From the Freep's report:
Players on the 2008 and 2009 teams described training and practice sessions that far exceeded limits set by the NCAA, which governs college athletics. The restrictions are designed to protect players’ well-being, ensure adequate study time and prevent schools from gaining an unfair competitive advantage.
The players, who did not want to be identified because they feared repercussions from coaches, said the violations occurred routinely at the direction of Rodriguez’s staff.
“It’s one of those things where you can’t say something,” one current Wolverine said. “If you say something, they’re going to say you’re a lazy person and don’t want to work hard.”
My thoughts when reading the detailed violations laid out in Michael Rosenberg and Mark Snyder's comprehensive report were, in order, "Holy crap" then "I hope State's not a part of this." And according to three former players, including Javon Ringer and Otis Wiley, MSU plays by the rules. And thank goodness for that, because the NCAA penalties for this could be severe.
Major NCAA violations can carry penalties from banning coaches and players, forcing games off television, scholarship reductions and even bowl bans. The ultimate penalty, the so-called "death penalty", would be to ban Michigan from even playing football at all - but that hasn't been used since it killed off the once-dominant Southern Methodist program 1987, and these violations aren't nearly that severe.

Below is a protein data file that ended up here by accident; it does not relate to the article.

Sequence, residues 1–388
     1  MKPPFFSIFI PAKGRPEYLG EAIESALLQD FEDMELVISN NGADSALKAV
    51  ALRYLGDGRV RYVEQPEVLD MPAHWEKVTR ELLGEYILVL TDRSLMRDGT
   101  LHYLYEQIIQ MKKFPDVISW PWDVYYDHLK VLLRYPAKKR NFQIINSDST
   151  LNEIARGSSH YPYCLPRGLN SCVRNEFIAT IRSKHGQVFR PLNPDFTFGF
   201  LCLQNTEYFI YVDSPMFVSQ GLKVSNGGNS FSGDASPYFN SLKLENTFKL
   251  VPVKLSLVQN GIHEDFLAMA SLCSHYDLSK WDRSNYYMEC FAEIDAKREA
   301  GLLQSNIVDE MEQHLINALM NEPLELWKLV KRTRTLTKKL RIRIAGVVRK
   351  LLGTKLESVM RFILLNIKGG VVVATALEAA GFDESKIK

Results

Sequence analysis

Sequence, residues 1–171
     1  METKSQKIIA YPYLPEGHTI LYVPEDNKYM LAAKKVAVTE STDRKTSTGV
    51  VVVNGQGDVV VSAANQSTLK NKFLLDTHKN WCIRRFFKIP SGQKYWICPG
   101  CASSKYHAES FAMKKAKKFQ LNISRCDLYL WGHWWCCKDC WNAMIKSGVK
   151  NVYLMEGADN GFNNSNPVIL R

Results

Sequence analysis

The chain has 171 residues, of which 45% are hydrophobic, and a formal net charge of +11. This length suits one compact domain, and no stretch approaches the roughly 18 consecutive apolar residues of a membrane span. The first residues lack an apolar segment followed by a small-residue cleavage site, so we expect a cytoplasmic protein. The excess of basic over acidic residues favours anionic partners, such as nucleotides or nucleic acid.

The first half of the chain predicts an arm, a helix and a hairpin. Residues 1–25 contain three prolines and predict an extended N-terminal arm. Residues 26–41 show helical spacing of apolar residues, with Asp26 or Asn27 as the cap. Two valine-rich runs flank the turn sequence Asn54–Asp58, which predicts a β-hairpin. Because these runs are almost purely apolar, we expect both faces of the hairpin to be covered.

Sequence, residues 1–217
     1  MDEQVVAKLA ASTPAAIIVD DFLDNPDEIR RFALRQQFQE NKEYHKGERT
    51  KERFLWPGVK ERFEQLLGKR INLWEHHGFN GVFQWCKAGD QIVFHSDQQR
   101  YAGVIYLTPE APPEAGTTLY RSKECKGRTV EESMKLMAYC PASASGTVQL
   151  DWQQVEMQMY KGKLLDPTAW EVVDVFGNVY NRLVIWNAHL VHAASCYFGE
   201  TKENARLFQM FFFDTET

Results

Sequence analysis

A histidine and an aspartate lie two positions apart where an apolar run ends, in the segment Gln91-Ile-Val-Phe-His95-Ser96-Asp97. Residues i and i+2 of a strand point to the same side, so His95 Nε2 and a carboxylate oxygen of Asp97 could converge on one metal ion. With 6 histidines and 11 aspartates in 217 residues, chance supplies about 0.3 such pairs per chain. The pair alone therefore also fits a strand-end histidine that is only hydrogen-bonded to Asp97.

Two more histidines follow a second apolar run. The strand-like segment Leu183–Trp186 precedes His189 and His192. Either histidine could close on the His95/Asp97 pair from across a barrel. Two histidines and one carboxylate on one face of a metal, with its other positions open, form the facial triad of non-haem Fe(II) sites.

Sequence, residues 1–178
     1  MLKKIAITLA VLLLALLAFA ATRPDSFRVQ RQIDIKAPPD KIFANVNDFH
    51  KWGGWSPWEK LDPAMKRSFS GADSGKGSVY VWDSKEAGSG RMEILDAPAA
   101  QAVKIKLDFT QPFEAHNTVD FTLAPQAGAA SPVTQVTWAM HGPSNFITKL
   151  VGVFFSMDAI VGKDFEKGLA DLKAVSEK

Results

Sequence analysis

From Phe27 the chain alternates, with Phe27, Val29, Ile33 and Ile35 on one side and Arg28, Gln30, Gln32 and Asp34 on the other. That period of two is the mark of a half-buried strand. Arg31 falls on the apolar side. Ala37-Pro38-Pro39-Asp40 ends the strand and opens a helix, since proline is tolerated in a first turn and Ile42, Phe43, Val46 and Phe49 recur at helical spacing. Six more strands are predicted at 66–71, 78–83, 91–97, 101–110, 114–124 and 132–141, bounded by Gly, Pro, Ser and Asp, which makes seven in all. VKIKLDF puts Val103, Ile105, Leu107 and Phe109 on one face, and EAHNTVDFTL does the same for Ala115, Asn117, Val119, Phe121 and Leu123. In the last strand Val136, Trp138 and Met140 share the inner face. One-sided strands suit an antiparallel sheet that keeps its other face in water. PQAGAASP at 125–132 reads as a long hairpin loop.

This isn't a time to gloat at Michigan's misfortune, however.
The best thing for MSU football is to dominate a worthy opponent and earn its way to becoming the undisputed number one program in the state. I want to beat a great Michigan team, each and every year. Sure, a win is a win, but I don't want to win this way. Part of me hopes this isn't actually true - Michigan did deny the allegations in statements to the Freep - but I'm mindful that the state of Michigan's best newspaper did just get a Pulitzer for investigative coverage, and the two reporters on this story have a professional reputation beyond reproach.
The NCAA should take whatever steps are necessary to clean up Michigan's program, as well as any other program doing this. If that means getting rid of Rich Rodriguez and all his assistants, fine. But I'm hoping this doesn't kill off Michigan football.
I want the so-called leaders and best at their best. But cheating to get there is unacceptable. And while this is not a time to gloat over someone else's misfortune, MSU fans should be proud that Mark Dantonio hasn't done that.